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157 Country Bank Notes. {MARCH 11} Duties on Conveyances, 8c. 158 those which regarded the negotiations with from the Parish of St. Pancras, against the the Brazils, and he did trust that the Vestry Act, took an opportunity to answer House would support his Motion to this a question put to him by his noble friend extent.

(Viscount Goderich) on a former evening, Strangers were then ordered to with- with respect to a return of Country Bankdraw, and a division took place. The notes, stamped within a certain period. numbers were - For the Motion 73: On inquiry, he found that he was right in Against it 150:--Majority against the supposing, as he did, when he answered Motion 77.

his noble friend's question at first, that
List of the Minority.
the amount of Scotch notes

was in.

cluded in the account on both sides. He
Bankes, Henry Macdonald, Sir James had ascertained that it would be quite
Beaumont, T. W. Macqueen, Potter
Bentinck, Lord G. Maberly, J.

impossible to distinguish between the Bernal, Ralph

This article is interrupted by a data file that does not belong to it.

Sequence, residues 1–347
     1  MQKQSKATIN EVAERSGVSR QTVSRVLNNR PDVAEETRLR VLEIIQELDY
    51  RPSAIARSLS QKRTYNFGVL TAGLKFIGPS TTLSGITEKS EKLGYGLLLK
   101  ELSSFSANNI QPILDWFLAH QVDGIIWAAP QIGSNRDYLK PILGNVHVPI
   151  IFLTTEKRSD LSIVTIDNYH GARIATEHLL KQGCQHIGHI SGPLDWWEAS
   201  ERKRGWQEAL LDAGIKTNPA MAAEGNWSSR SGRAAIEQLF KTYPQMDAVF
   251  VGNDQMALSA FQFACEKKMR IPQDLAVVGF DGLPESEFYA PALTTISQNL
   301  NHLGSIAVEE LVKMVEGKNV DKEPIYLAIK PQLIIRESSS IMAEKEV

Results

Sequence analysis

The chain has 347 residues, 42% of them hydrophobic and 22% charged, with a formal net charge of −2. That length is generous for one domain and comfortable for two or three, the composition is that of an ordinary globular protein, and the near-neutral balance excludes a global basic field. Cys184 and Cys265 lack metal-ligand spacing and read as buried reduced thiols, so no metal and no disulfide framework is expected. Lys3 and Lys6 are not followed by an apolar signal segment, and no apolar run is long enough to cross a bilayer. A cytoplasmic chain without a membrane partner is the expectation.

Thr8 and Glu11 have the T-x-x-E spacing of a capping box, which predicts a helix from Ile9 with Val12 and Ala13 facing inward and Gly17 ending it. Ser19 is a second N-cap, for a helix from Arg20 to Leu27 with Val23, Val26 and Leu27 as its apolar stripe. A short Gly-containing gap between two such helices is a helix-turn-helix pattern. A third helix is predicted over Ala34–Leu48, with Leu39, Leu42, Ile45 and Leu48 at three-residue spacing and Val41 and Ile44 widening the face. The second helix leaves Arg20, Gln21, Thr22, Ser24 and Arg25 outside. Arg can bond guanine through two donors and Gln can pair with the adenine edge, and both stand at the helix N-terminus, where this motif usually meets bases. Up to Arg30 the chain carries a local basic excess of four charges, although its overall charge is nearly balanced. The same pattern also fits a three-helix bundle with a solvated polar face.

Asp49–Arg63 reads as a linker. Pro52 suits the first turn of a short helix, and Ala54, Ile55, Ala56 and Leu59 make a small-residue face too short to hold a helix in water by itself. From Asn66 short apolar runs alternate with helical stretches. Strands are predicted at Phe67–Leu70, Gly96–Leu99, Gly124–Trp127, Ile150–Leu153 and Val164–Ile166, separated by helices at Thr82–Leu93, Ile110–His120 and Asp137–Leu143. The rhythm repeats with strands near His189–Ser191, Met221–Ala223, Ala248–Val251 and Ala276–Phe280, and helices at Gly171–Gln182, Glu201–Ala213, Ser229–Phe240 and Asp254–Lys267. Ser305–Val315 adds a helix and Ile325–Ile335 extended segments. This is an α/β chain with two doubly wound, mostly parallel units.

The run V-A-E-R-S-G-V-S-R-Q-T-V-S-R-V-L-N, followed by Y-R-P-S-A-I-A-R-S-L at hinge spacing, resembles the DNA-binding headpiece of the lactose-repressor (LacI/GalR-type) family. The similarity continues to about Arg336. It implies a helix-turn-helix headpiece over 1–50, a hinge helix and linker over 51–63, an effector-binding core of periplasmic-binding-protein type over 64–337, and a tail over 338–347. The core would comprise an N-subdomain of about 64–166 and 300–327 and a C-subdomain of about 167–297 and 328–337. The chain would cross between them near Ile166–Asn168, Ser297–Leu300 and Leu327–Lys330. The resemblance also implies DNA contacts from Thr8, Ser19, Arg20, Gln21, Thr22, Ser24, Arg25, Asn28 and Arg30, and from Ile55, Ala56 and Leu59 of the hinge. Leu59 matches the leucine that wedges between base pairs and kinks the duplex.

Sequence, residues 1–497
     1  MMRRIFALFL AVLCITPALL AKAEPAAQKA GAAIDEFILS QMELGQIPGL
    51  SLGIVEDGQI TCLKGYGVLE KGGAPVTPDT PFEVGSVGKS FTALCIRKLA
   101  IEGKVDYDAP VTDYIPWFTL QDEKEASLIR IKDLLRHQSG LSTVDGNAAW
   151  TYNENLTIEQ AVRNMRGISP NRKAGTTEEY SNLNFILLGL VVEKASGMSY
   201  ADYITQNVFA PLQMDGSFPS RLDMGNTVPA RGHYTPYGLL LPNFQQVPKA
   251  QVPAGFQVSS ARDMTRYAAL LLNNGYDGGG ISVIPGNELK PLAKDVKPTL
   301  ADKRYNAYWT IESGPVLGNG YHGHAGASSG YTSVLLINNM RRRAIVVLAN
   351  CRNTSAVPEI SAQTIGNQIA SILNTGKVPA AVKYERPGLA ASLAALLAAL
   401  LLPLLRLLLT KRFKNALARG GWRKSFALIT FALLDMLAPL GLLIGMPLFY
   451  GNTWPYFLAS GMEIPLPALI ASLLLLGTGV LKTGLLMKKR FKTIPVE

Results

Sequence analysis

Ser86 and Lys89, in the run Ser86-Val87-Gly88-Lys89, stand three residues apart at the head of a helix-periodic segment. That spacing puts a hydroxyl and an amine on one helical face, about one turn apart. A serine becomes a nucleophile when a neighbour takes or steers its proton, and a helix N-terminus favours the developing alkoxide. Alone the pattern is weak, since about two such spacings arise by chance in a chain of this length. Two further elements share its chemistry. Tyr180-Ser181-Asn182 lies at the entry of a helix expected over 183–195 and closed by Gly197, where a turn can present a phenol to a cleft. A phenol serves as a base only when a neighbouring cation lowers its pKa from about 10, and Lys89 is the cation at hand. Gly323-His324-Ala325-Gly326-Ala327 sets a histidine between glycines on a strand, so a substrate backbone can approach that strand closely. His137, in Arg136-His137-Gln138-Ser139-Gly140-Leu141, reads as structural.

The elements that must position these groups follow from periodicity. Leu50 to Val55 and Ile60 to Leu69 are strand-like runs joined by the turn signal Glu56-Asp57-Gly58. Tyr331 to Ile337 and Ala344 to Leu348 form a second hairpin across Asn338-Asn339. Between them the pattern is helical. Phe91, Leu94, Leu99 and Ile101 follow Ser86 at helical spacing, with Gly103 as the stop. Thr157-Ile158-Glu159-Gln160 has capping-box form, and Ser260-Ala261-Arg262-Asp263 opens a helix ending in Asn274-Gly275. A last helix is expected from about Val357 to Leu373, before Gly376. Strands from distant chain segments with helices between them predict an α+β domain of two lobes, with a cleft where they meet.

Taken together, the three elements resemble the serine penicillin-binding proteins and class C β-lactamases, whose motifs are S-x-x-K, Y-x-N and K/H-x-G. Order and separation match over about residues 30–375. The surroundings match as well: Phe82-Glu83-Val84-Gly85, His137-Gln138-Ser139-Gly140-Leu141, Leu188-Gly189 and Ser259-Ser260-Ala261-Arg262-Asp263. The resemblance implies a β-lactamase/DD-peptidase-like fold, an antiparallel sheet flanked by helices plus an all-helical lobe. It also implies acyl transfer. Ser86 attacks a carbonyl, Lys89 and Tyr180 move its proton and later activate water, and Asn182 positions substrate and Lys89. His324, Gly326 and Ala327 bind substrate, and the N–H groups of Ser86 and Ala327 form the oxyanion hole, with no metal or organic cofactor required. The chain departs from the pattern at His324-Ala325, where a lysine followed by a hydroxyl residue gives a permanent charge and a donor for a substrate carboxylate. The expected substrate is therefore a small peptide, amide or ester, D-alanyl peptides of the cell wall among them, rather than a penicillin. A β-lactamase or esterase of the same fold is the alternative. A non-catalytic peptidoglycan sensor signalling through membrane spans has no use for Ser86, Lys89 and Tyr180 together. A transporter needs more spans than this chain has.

Morpeth, Viscount stamps issued for England and Scotland, Blake, Sir F.

Norton, G.C. except as regarded those for 11. notes,
Burdett, Sir F. Nugent, Lord

which were all Scotch. The account in-
Canning, Sir Stratford O'Connell, Daniel cluded the notes of the chartered banks.
Carter, John B. Ord, William
Calthorpe, Fred. Peech, N. W.

Cave, R. Otway Pendarvis, E.W.W.
Cavendish, Henry

Philips, Sir George
Cavendish, Wm.
Philips, Geo. R.

The Earl of Malmesbury wished to obtain
Chichester, Arthur Phillimore, Joseph

returns of the proceeds of two different
Davenport, E. Price, Robert, descriptions of Stamp-duties, in one of
Duncombe, hon. W. Protheroe, E. which, he, as a land-owner, felt a par-
Denison, J. E.
Rice, T. S.

ticular interest; and the other of which Dundas, hon. Thomas Robinson, Sir II. included the interests of many classes of Ebrington, Viscount Rumbold, E. C.

the community. As the day was approachEllis, hop. Geo. Agar Russell Lord John Ellis, hon. Augustus Sibihorp, Col.

ing, on which it was intended to submit Encombe, Viscount Smith, W.

to the other House of Parliament the usual
Ewart, W.
Stanley, E. G. S.

annual financial statement, he thought he
Fazakerly, John N. Tennyson, Chas. could not do better than advert to the sub-
Fyler, Thomas B.